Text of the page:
During the upcoming summer months, running is an activity that picks up in popularity. It’s a great way to boost cardiovascular health. However, it can also place a lot of stress on the musculoskeletal structure of your body.
Your chiropractor often sees improper footwear and over-training as common causes for running injuries, along with misalignments in the hips and pelvis. If you think you’ve incurred one of the injuries described below, consult your chiropractor. You may need to suspend or reduce your running routine until the problem is healed. You can help lessen the pain and inflammation of these injuries by applying ice to the affected areas for ten minutes every two hours.
Here are the most common problems associated with running:
1. Plantar fasciitis
A repetitive strain of the plantar fascia that leads to painful inflammation of this tissue located at the bottom of your feet. The pain is typically worse in the morning, and then tends to ease as the day goes on.[su_box title=”What Causes It?”]Running puts an increased mechanical load on the arch of your foot. If your arch is not properly positioned, or your muscles leading to the foot are too tight, you may be adding abnormal stress. [/su_box] [su_box title=”What can you do? “]Besides ice therapy and adjusting your running routine, treatments may also include myofascial stripping techniques applied to the bottom of your feet. If your chiropractor identifies over-pronation (fallen arches) as the problem, he or she may suggest custom orthotics to reduce the mechanical stress. Stretching your calf muscles regularly may help prevent this problem from recurring.[/su_box]
2. Shin splints
Pain or tenderness along the front of the shin here your tibialis muscles attach to your lower leg. The pain is usually sharp when you’re running and often feels achy while you are at rest.[su_box title=”What Causes It?”]Tendons of the tibialis muscles wrap around the arch of your foot, helping to support it. When the arches experience excessive loads, these tendons are placed under strain. When this happens, your muscles pull away from their attachments to the shinbone. Improper shoes, running on hard surfaces and over-pronation of the feet may aggravate this condition.[/su_box] [su_box title=”What can you do? “]Avoid running on concrete surfaces. Have your chiropractor check the mobility and alignment of the bones in your feet and ankles. If over-pronation is detected, you may need custom orthotics. Once your pain is reduced, regular stretching of the muscles in your lower legs can help stop future problems.[/su_box]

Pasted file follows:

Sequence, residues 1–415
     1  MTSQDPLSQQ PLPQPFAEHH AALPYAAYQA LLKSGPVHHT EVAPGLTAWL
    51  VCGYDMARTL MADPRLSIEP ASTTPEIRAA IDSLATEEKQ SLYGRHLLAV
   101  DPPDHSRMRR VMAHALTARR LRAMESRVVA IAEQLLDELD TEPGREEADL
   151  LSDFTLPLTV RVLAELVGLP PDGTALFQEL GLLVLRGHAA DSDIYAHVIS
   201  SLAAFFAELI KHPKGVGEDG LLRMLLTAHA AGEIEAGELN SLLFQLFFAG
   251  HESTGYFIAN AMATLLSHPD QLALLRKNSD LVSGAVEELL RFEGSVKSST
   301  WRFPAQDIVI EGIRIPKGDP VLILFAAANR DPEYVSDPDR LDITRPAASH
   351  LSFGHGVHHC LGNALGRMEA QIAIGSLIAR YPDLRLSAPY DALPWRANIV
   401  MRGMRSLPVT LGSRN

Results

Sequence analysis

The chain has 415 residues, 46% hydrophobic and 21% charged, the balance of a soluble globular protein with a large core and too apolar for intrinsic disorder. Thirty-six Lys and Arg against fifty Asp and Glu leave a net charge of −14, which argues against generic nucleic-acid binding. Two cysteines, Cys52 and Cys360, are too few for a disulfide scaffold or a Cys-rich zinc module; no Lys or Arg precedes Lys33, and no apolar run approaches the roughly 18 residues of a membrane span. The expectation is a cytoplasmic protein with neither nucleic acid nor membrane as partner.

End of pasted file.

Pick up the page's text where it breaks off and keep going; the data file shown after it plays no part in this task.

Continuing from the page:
3. Runner’s Knee (chondromalacia patella)
Pain felt under the kneecap, accompanied by a grinding or popping noise when bending the knee. You may also notice swelling and redness.[su_box title=”What Causes It?”]Improper positioning of the patella over the knee joint. This triggers your kneecap to excessively rub against the surface of your leg bones, leading to repetitive wear and tear of the cartilage and recurring inflammation. Improper knee alignment is commonly caused by instability of the feet or pelvis. Tightness or imbalance in the quadriceps muscles may also cause symptoms.[/su_box] [su_box title=”What can you do? “]Stop running and get chiropractic advice. Have your chiropractor check the alignment of your feet and pelvis. Misalignment in your feet may require orthotics and imbalance in the pelvis may be helped with chiropractic adjustments. When pain subsides, you may try strengthening the vastus medialis obliquus muscle (VMO) – one of the quadriceps muscles of your thigh – to prevent this problem from returning.[/su_box]
4. Iliotibial (IT) Band Syndrome
Tenderness and inflammation at the outside of the knee where the iliotibial band crosses the knee joint. The pain usually starts while running and can intensify as your run progresses. Walking on hilly surfaces or using stairs can make the symptoms worse.[su_box title=”What Causes It?”]Anything that creates tightness in your IT band. The result is likely friction, pain and inflammation. Fallen arches are often responsible. This condition causes the lower leg to rotate inward upon a heel strike. This pre-stretches tissue and makes it vulnerable to excessive strain. Pelvic imbalances or restrictions may also contribute to this syndrome.[/su_box] [su_box title=”What can you do? “]Avoid running on hills. Have your chiropractor check your pelvis and your feet for imbalances. Although extremely painful, massaging the outside part of the leg may also help reduce the tightness and soreness in the long term. Once the pain is manageable, stretching the tensor fascia lata muscle, located in your thigh, as well as the gluteal muscles may help halt the return of this syndrome.[/su_box]